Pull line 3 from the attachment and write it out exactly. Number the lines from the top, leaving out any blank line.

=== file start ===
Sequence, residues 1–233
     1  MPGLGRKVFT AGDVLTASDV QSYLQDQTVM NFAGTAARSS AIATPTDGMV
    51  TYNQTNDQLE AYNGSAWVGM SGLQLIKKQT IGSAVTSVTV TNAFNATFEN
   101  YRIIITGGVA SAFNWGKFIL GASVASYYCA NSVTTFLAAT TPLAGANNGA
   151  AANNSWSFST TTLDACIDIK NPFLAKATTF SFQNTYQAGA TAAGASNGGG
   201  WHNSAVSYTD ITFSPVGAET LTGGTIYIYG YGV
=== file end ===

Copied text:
    51  TYNQTNDQLE AYNGSAWVGM SGLQLIKKQT IGSAVTSVTV TNAFNATFEN